Of course, there are many environment protection programmes. Most western people donate in some way, to one of the many programmes. However, most of the programmes disappear in quicksand and in the case that a program is put in place; they are often poorly funded and enforced. One of the main reasons for this is corruption. Like in most Asian countries, Indonesia is also soaked with corruption. A major part of the money for the protection programmes is disappearing in the pockets of corrupt civil servants or other scum. And in the case that a program is started, the continuity is constantly in danger because the poorly paid people that work on the program, often become victim of corruption. And that is understandable, in a society where corruption is a big part of daily life.

Another important aspect is that people in Southeast Asia only think in the short term, and not in the long term. Short term money is much more secure, and for that reason more important. And that is also understandable in the life of poor people. A nice jeans, shiny motorcycle and modern mobile phone are more important than the future of the children. The luxury to think in the long term is just not available here. Besides that, the demand for tropical hard wood on the world wood market is also an important booster for the deforestation. Most people in the west like to have garden chairs and tables made of tropical hard wood. And even worse, when the wood changed colours after a couple of years in the sun, rain and wind, they like to have a new one. So, only pointing your dismissive finger to the countries where the actual deforestation takes place, is hypocrite.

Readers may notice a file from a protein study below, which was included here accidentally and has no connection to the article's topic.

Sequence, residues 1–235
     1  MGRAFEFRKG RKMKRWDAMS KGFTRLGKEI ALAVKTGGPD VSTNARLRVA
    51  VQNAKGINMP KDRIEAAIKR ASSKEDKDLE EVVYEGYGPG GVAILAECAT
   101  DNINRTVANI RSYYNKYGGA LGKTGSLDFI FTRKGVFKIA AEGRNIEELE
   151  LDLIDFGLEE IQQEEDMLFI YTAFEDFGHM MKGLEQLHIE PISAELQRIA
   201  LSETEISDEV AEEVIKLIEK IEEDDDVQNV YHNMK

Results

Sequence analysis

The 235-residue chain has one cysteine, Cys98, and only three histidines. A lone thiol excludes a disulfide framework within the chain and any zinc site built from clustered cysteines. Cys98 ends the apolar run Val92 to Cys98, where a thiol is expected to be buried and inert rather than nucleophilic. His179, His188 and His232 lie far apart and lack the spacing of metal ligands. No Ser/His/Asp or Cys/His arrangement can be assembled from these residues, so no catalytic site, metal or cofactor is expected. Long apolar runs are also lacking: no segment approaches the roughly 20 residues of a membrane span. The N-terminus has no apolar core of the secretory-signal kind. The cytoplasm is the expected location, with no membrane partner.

The solution probably needs to be found in paying the forested countries, for keeping and maintaining their forests. It must be financial attractive, for both the governments and the local people, to keep the forests intact. And than we mean financial attractive in the short term, and not only in the long term. A possible solution is that the world is going to value the production of oxygen. That means that countries that contribute to a good environment, like countries that produce oxygen or preserve their fauna, will be paid at the expense of countries that have a negative impact on the environment, like countries that produce a lot of CO². The money that countries, like Indonesia, receive must be used for the people who have the negative consequences of the limitation of the deforestation. One the one hand the money must be used for short term objectives, like livelihood for the people, and on the other hand for long term investments like education, encouragement of entrepreneurship, tourism, etc. The long term objective is to give people another way to earn their money. Corruption is still an important trap. For that reason, international involvement in an absolute must.

But this is not the end of the story, because a new question is already lying in wait. Do the western people, who have the biggest negative impact on the environment, want to pay for the forests in Southeast Asia? Forests where they have never been, and that they will probably never visit. Or in other words: does a factory worker that lives on the 8th floor of an apartment building in one of the suburbs of a European city, wants to pay extra tax to preserve the forests in Asia? Probably not. And than we see that also western people are declined towards thinking in the short term, in stead of the long term. With regard to this, we are not better than the Southeast Asian people.